Search and Hit Enter

Gluten free savoury pumpkin tart with ricotta, sage and gruyere (grain free, FODMAP friendly)

An aerial image of a gluten free savoury pumpkin tart on a white speckled ceramic plate atop a wooden table

In honour of the fiddly tarts past (the zucchini ricotta tart and it’s vegan counterpart) I’m here today with a fiddly festive option. That is, a gluten free savoury pumpkin tart filled with sage, ricotta and gruyere in an easy grain free tart base.

As with the originals, the tart has two filling components. Firstly, the ricotta flavoured with sage, gruyere, nutmeg and the gang. Secondly, the pumpkin/sweet potato mandoline topping/pure art.

This gluten free savoury pumpkin tart is grain free and FODMAP friendly. More importantly, however – it’s not as hard it looks. Truly. Let’s dive in.

An aerial image of a savoury pumpkin tart on a white speckled ceramic plate atop a white marble table.

Gluten free savoury pumpkin tart

Firstly, I highly recommend a mandoline for this recipe. Although it is absolutely possible to create the topping without one, it is a little tricky to evenly cook all the pumpkin slices if they’re of uneven size.

Secondly, if lactose isn’t your thing, might I recommend A) making your own lactose free ricotta or B) making the tofu version? Equally as delicious but without any dairy. You can chop and change – use the regular base and the dairy free filling or vice versa. Unsure why you’d do the vice versa but I’ve already written it now.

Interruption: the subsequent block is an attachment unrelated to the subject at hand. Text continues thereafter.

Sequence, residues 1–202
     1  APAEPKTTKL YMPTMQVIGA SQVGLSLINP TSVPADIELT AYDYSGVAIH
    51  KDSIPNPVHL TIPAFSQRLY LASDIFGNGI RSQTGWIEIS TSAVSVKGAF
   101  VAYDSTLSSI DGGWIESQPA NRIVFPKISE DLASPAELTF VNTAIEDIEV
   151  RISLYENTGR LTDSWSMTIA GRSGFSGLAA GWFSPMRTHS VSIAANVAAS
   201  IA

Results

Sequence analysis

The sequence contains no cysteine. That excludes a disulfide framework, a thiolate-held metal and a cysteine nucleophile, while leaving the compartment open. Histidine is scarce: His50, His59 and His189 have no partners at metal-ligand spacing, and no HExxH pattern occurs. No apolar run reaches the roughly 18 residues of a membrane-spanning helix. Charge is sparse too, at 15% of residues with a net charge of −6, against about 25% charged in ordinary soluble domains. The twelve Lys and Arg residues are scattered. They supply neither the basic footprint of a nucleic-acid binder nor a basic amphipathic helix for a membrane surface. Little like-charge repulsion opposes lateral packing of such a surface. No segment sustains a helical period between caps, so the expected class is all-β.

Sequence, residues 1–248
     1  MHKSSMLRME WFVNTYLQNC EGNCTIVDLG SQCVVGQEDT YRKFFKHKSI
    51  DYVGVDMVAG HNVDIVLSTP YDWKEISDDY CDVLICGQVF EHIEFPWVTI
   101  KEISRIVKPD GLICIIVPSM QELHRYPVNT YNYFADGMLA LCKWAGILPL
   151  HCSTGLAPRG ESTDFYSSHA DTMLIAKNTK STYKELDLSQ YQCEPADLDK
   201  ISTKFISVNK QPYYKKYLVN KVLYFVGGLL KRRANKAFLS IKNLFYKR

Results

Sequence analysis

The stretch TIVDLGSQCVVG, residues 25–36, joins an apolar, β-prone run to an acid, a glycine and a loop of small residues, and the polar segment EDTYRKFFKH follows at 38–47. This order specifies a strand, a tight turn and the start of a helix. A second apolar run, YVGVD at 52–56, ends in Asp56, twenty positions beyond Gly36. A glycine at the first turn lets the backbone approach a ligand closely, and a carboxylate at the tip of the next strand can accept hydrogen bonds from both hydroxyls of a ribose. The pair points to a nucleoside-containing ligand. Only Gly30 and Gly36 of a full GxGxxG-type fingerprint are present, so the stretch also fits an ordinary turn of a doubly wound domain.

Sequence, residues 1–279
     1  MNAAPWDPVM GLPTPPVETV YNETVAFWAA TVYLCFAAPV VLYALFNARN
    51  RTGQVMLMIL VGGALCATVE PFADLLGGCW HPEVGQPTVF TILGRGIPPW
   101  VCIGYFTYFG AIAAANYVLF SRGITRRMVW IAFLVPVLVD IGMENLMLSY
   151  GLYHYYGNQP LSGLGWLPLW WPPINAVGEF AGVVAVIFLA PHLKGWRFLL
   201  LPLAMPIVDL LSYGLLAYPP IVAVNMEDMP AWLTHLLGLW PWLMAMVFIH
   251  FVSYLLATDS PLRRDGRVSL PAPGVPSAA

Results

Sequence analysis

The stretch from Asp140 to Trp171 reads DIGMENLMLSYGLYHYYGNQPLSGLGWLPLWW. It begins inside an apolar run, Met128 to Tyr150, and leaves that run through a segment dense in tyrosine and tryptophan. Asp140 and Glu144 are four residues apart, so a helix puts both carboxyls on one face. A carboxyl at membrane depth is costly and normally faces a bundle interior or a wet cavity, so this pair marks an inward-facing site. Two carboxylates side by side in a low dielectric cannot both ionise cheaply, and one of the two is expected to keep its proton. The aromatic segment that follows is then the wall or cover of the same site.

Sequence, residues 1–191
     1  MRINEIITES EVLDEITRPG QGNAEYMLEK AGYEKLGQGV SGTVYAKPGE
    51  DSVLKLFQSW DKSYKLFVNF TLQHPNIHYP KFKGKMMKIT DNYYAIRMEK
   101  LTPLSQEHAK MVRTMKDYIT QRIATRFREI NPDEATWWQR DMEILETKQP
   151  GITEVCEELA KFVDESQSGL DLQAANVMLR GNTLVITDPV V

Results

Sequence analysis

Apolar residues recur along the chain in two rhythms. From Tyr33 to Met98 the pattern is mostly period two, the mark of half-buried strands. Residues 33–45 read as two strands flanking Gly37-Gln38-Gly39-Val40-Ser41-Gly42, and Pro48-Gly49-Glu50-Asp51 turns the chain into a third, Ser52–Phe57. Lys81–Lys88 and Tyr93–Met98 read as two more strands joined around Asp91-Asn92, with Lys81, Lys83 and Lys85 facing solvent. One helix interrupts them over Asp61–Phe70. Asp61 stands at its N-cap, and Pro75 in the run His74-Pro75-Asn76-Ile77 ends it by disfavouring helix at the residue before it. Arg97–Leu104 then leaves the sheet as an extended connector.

For a completely, 100% lactose free tart, use the vegan recipe but with the fillings of this recipe. Easy.

Most of the recipes on my site use almond base for tarts. That’s because A) I’m rather grain adverse and selfish, B) I’m saving the flour based recipe for a new exciting project and C) almond meal is DEAD EASY to use and tastes great as a tart base. You could absolutely use your tart base recipe of choice and fill it with this stuffing.

A hot tip when using sage – there is such a thing as too much of a good thing. If you use too much sage in a dish it will become incredibly bitter. So, if you happen upon an extra large bunch, use a bit of discretion.

Although my previous recipes start on the mandoline art at the centre, we’re doing the opposite today. Pumpkin isn’t nearly as flexible as zucchini, so it’s much easier to create a loose pattern from the outside in.

If you can’t find heirloom pumpkins, you could potentially use regular ones. They may, however, be a little watery for the purpose. You can also use sweet potato – I recommend peeling them in this instance because the skin gets quite leathery in the oven.

An aerial image of a gluten free savoury pumpkin tart on a white marble table

More pumpkin recipes

An aerial image of a gluten free savoury pumpkin tart on a white marble table

Gluten free savoury pumpkin tart

Fodmap friendly, gluten free, vegetarian
5 from 1 vote
Prep Time 40 minutes
Cook Time 40 minutes
Course Main Course, Pastry
Cuisine Food Intolerance Friendly
Servings 1 tart


  • A mandoline (not compulsory but very helpful)
  • A 24cm fluted tart tin


For the tart base:

  • 1 1/2 cups (150g) almond meal
  • 1 cup (100g) tapioca flour
  • 50 g finely and freshly grated gruyere if you can’t find gruyere you can use parmesan
  • 1/2 teaspoon salt